Man is born to suffering as the sparks fly upward.Even though Walhydra's suffering had been, till then, mostly of the generic teen sort—or, more accurately, the generic teen-closeted-sissy-boy-but-doesn't-know-it-yet sort—she thought that just knowing that verse made her feel somehow more mature.
A few teen years later, Walhydra stumbled onto poet Archibald MacLeish's modern version of Job, J.B. Fascinated by a performance of the play, she devoured the script and memorized a key verse which just leapt out at her.
The line is spoken early in the play by Nickles (“Old Nick” aka Satan) to Mr. Zuss (God):
Granted, this verse is the beginning of Nickles’ cynical challenge to Zuss to let him torment J.B. And, granted, Walhydra didn't actually believe its despairing message.
I heard upon his dry dung heap
That man cry out who cannot sleep:
"If God is God He is not good,
If God is good He is not God;
Take the even with the odd,
I would not sleep here if I could,
Except for the little green leaves in the wood
And the wind on the water."
Nonetheless, she recited the line to herself throughout her college years, as if it posed a challenge to her that her own adolescent faux-cynicism wasn’t yet up to understanding.
Looking back on this verse decades later, Walhydra now recognizes that the problem it speaks to has, in fact, driven her spiritual puzzlement for much of her life.
"It just doesn't work for me to believe that God (or Goddess, or Whatever…) causes suffering. Or even that He/She allows it.
"I know that doesn’t make any sense," she equivocates. "But the only evil I see done is done by human beings."
"So why doesn't God stop evil?" she imagines the gentle reader asking. "Why does God let anyone hurt or kill innocent people?"
Walhydra pauses. "Why does God let a hawk kill an innocent mouse or a tsunami kill thousands of innocent human beings?"
"That's not the same."
"It's not?" says Walhydra, amused to find herself playing the Socratic role which Goddess usually plays opposite her.
Although she can't pretend to be wise or enlightened—well, actually, she pretends both all the time—Walhydra has somehow come to understand that human beings are mortal, just like other animals.
And that suffering just happens. Not as punishment. Not as fate. Just as part of the mechanics of being mortal.
"I don't mean that we shouldn't care about suffering. That we shouldn't avoid or try to prevent suffering for ourselves and others."
She glances about warily, feeling somewhat awkward about channeling Goddess.
"I just mean that it happens anyway."
Or, as a Zen precept she often quotes says:
RenunciationSo...somewhere between the theist Jew's sparks flying upward and the nontheist Buddhist's things going away, last week on the New Moon, Walhydra called her mother, Senior Witch, early in the morning.
is not about giving up
the things of the world,
that they go away.
The faithful reader will remember that Senior Witch had relocated to the home of Walhydra's sister in Pensacola, Florida, back on St. Padric's Day. Alzheimer's was making it unsafe for her to continue her independent, self-sufficient life in her home of forty-some years.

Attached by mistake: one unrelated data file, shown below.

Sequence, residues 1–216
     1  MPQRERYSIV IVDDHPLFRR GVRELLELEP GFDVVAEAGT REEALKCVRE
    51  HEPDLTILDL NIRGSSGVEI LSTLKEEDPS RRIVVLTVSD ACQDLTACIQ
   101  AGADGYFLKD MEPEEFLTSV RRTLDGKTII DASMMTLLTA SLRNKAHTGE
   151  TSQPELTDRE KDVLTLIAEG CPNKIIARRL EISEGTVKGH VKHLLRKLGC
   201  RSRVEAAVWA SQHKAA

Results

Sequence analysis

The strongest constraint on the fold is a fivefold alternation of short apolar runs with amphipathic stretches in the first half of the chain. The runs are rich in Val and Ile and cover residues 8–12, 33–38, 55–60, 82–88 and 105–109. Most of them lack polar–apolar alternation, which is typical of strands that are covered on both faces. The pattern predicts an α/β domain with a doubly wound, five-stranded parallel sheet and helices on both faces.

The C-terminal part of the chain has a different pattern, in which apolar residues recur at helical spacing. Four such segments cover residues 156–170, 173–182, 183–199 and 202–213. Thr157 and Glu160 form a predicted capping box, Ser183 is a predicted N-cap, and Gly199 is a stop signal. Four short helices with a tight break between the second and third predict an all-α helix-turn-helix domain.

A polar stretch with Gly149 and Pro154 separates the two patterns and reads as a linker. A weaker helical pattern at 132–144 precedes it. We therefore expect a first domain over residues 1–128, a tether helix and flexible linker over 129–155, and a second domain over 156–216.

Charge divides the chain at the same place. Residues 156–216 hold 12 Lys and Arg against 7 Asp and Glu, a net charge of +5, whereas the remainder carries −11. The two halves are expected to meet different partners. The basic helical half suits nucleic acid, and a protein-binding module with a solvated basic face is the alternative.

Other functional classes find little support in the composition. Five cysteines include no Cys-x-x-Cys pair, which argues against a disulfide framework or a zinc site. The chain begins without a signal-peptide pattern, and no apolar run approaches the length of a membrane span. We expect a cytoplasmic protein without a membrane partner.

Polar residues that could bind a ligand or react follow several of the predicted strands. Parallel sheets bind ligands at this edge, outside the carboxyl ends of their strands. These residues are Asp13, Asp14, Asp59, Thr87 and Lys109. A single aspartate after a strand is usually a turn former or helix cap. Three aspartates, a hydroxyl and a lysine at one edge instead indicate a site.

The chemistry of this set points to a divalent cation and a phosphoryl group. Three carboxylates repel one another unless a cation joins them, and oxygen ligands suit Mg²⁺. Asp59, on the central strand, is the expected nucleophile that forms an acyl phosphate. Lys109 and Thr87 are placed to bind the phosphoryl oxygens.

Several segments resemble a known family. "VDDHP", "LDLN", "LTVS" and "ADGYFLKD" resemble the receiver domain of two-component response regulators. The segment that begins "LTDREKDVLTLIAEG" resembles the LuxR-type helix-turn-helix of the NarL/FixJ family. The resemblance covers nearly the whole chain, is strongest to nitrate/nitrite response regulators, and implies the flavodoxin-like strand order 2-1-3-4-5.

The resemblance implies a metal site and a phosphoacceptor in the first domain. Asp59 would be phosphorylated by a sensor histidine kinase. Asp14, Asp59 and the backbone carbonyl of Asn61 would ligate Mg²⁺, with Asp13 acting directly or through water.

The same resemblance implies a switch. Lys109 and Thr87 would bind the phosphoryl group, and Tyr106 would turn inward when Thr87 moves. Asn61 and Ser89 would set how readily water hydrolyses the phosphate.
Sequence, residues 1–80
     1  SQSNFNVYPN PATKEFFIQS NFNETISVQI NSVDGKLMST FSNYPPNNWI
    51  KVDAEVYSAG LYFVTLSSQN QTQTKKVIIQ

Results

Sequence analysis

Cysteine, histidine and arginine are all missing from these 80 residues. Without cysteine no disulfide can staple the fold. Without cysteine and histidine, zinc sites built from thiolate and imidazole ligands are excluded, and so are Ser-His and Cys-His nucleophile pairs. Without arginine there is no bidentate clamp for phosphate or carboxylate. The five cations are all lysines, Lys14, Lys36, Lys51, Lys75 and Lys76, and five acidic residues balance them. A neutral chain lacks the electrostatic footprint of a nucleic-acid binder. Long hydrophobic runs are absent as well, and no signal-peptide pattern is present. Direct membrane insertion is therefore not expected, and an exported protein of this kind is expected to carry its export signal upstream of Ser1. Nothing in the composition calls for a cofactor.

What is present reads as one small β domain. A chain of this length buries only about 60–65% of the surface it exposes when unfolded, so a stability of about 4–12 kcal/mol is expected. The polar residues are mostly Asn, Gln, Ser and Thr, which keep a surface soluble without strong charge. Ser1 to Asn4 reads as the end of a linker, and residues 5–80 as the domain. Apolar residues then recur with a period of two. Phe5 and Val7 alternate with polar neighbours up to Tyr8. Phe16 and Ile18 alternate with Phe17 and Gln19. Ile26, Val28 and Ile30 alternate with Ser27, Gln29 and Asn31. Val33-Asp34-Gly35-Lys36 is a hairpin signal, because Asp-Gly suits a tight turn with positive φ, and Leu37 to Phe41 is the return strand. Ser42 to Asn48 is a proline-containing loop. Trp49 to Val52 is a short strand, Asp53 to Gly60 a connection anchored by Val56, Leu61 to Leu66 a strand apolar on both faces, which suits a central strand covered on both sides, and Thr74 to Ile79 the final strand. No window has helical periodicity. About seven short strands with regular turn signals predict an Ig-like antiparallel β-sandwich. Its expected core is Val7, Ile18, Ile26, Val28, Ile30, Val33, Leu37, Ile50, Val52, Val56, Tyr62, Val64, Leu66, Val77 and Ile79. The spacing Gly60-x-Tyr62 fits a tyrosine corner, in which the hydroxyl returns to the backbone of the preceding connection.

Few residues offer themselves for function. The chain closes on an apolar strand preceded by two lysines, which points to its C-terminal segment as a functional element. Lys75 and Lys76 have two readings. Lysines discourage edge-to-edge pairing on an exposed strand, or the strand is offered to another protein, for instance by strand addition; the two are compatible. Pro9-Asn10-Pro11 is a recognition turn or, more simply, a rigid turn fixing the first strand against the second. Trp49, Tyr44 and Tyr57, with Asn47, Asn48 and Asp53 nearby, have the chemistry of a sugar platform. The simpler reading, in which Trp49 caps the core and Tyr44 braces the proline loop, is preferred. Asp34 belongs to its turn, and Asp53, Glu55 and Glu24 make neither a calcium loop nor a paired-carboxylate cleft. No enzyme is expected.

"I'm okay, but I'm feeling homesick," Senior Witch says, reciting the line with which she now begins every phone call.
Walhydra is feeling more than usually connected this morning, so she says without even pausing, "Yes, Mom. I think homesickness is just going to be a part of your life from now on."
There's a momentary silence.
"There's no way to feel good about losing your friends and church and neighbors back in South Carolina," Walhydra continues boldly. "I wonder who your new neighbors are?"
This gets a bit of exploratory conversation going.
The problem is that Senior Witch has declining hours of lucidity, declining hours when she can retain the mental focus and energy of an adult. That means even the best ideas—even the ones she embraces with enthusiasm when Walhydra shares them—fade into wishful thinking or forgetfulness before she can act.
What's left, Walhydra recognizes sadly, is to give her mother moments of affirmation or hope. Moments which Senior Witch will relish—and then forget.
"Mom?" Walhydra continues. "You remember that my brother drove down from Massachusetts to meet me in Columbia last week?"
"Well, he got there a day before me to clean your whole house from top to bottom, to get it ready to sell."
"And—" A lump starts in Walhydra's throat. "And he told me that it didn't feel at all like an empty house. It still felt like a warm, lived in home. Your home."
Walhydra is well into Quaker vocal ministry by now, saying things she hasn't even thought of.
"So...you have the sadness of having left your home behind. But you have left behind a home, not just an empty house, for the next family to move into."
"Oh. Oh. I'm so glad you told me that!"
"I thought it was important for you to know."
Recalling that exchange tonight, near midnight on Summer Solstice a week later, Walhydra suspects that Senior Witch may not even remember it. She knows that she will repeat her brother's message whenever she can work it into conversation.
And the line about homesickness.
And the line about new neighbors.
Like any adult, trying through repetition to reassure a child that the world is safe—even glorious, even wondrous!—to live in, with little green leaves in the wood and wind on the water.
Even though the sparks fly upward and we can't avoid having things go away and we all die.
This doesn't feel very good to Walhydra right now.
But it's not God's fault.
It just is.
And so it is.